One would be hard-pressed to find a new natural food brand that at some point in its development—perhaps late at night pondering the day’s entrepreneurial tribulations—hasn’t moseyed onto the “Story” section of Justin’s website and imagined its company following a similar path. That’s because Justin’s epitomizes the timeline of a modern, boot-strapped natural food company that rose not just to nationwide distribution, but also to fiercely loyal fans and consumer packaged good (CPG) acquisition—all while staying authentic to its roots.
In 2004, founder Justin Gold started his company in his Boulder, Colorado kitchen. Seeking a protein-dense, plant-based option to fuel his active lifestyle, he started whipping up nut butters much to the delight of his roommates, who devoured his creations themselves. This prompted Gold to write “Justin’s” on the jar with masking tape, which later became his business name.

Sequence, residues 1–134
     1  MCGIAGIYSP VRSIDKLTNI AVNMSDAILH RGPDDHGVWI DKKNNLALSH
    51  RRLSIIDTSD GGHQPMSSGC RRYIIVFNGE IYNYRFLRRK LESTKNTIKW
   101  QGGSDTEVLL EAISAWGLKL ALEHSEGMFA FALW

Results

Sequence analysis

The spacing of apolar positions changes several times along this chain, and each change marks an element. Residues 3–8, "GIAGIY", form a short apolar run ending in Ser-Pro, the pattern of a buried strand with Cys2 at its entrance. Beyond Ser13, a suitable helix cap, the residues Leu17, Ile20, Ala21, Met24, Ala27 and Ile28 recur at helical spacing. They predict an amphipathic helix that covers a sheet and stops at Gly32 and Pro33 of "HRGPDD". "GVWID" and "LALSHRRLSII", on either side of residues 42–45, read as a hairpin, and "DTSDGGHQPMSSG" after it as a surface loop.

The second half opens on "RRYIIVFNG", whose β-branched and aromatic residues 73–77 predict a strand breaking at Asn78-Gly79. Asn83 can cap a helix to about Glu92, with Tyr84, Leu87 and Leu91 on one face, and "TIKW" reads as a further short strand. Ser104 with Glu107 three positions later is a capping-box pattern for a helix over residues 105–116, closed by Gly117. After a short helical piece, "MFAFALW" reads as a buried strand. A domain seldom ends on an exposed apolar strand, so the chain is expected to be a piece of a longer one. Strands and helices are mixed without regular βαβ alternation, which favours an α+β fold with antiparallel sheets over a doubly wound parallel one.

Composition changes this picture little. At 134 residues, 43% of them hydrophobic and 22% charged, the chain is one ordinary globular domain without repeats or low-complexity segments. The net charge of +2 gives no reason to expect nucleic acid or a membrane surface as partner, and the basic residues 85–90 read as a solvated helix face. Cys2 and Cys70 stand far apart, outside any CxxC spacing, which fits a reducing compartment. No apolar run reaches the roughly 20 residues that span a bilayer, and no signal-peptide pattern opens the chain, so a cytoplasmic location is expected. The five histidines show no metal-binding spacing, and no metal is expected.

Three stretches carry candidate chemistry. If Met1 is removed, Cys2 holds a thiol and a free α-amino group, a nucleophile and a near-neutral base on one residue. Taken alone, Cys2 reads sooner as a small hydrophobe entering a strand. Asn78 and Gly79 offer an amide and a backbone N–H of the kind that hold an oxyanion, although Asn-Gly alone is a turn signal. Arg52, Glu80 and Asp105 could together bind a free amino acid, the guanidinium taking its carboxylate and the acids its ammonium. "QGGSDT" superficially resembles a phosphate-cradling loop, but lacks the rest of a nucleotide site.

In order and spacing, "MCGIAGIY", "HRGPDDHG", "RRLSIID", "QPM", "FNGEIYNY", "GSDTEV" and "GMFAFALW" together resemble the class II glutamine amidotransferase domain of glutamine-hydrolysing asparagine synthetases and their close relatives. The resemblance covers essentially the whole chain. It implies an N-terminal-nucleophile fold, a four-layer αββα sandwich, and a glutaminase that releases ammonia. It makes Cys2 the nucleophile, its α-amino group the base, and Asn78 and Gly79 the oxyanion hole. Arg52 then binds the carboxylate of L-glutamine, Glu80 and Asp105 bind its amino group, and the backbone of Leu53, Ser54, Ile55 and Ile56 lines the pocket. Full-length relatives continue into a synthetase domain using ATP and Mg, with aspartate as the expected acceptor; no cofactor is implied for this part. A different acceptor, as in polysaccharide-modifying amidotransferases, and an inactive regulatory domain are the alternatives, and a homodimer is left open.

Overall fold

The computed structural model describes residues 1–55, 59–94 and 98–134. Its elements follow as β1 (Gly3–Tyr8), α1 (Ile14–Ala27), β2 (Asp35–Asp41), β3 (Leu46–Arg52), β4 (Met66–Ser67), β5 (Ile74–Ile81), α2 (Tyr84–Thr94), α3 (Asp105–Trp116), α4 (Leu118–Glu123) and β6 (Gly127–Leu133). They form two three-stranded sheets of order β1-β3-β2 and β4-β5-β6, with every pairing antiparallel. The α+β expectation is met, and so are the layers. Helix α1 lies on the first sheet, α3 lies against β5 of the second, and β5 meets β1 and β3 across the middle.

What followed is a classic natural food start-up success story. He wrote a business plan. He started selling his products at the farmer’s market and in local independent retailers. He filled jars of nut butter himself nights and weekends to help fulfill demand, and waited tables during the day. In 2007, Gold received the first Whole Foods Market’s Local Producer Loan in the Rocky Mountain region, which helped propel his company to greater sales, greater production and greater market presence. In 2016, Justin’s was purchased by Hormel, and continues to sell high-quality confections, nut butter and squeeze packs across the United States.
For many brands, Justin’s serves as a beacon—a promise that its “crazy” idea is worth pursuing through start-up strife.
Much applause has been awarded to Justin’s past. But the story Justin Gold is trying to blaze for his company’s future is more compelling, as it’s one steeped in radical thinking about Justin’s role in the future of sustainable food, and how aspirational ideas can incrementally push the entire industry forward.